Saturday, 20 February 2016

EU referendum: Cameron sets June date for UK vote

British Prime Minister David Cameron makes a statement outside 10 Downing Street in London on Saturday.
British Prime Minister David Cameron makes a statement outside 10 Downing Street in London on Saturday.
Britain will vote on whether to remain in the EU on Thursday 23 June, Prime Minister David Cameron has said.
The prime minister made his historic announcement in Downing Street after briefing the cabinet.
He said he would be campaigning to remain in a reformed EU - and described the vote as one of the biggest decisions "in our lifetimes".
Ministers immediately divided up into the leave and remain camps as the campaigns got under way in earnest.
Home Secretary Theresa May heads the list of those who have announced they will campaign to stay - but Justice Secretary Michael Gove has signed up to the leave campaign.
Leave campaigners are also hoping London Mayor Boris Johnson will join their cause - but he has yet to declare where he stands.

'Source of instability'

In his statement, Mr Cameron warned that leaving the European Union would be a "leap in the dark" as he urged voters to back his reform deal.
"Those who want to leave Europe cannot tell you if British businesses would be able to access Europe's free trade single market, or if working people's jobs are safe, or how much prices would rise. All they're offering is a risk at a time of uncertainty - a leap in the dark."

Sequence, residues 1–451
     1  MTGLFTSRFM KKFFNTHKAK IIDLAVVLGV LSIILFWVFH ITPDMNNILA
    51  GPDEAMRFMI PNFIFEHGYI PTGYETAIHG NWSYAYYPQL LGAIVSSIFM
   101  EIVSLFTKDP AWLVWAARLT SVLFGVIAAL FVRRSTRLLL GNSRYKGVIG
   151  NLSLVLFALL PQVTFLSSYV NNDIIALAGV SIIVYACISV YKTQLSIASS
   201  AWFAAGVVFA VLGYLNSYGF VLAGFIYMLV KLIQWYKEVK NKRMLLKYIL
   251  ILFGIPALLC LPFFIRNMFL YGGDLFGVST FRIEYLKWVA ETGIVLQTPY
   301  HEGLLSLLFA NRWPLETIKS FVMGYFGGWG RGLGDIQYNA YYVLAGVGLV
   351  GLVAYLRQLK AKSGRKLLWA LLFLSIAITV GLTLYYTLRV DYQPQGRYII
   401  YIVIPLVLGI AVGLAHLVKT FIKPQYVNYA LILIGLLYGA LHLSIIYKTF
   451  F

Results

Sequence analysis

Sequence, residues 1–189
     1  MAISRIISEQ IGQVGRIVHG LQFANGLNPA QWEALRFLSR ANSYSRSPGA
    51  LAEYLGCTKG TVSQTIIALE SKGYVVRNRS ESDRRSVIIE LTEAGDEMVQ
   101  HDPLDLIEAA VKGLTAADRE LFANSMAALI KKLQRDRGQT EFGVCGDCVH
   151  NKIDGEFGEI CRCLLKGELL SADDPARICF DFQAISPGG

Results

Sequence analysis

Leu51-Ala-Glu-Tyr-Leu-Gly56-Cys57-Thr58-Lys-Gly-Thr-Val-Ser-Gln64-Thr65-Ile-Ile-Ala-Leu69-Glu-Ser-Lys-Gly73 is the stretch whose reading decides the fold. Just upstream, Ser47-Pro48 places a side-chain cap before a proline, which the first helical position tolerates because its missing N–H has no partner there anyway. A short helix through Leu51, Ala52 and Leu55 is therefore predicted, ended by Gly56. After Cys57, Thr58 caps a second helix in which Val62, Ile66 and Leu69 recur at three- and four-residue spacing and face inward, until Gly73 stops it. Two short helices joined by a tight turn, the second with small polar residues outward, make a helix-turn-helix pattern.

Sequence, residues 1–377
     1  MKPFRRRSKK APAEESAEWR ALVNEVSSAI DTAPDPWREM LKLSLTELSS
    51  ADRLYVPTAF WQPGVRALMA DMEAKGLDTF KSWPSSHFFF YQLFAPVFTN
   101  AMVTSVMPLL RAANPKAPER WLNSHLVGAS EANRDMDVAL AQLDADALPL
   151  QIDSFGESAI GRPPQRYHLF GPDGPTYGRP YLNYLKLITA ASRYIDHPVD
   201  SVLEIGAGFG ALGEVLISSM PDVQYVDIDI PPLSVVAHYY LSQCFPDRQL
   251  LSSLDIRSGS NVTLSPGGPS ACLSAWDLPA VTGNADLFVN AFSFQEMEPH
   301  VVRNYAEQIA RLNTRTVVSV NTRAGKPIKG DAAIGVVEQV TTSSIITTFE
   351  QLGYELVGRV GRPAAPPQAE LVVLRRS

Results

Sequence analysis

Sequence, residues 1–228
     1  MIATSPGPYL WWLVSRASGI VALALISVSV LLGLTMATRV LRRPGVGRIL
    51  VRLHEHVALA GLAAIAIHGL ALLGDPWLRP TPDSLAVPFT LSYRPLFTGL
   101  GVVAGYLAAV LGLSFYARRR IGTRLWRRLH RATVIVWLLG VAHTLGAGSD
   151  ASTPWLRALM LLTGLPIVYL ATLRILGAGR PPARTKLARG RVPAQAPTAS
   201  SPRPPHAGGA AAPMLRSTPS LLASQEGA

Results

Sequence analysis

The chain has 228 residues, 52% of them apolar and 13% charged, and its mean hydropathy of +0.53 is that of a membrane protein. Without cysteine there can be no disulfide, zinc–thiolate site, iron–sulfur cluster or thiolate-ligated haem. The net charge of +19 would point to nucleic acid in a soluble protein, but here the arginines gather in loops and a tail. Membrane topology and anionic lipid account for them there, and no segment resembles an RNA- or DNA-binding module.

In a direct appeal to voters, he said: "The choice is in your hands - but my recommendation is clear. I believe that Britain will be safer, stronger and better off by remaining in a reformed European Union."
Vote LeaveImage copyrightVote Leave
Image captionMinisters nail their colours to the Vote Leave campaign
Mrs May said the EU was far from perfect but "for reasons of security, protection against crime and terrorism, trade with Europe, and access to markets around the world" it was in the national interest to remain in.
Mr Gove said it had been the most difficult decision of his career to go against the prime minister but he believed "our country would be freer, fairer and better off outside the EU", adding that "far from providing security in an uncertain world, the EU's policies have become a source of instability and insecurity".
Commons leader Chris Grayling, another leave campaign backer, told the BBC's Laura Kuenssberg: "I actually believe the EU is holding this country back. We cannot control our borders, limit the number of people who come here do trade deals.

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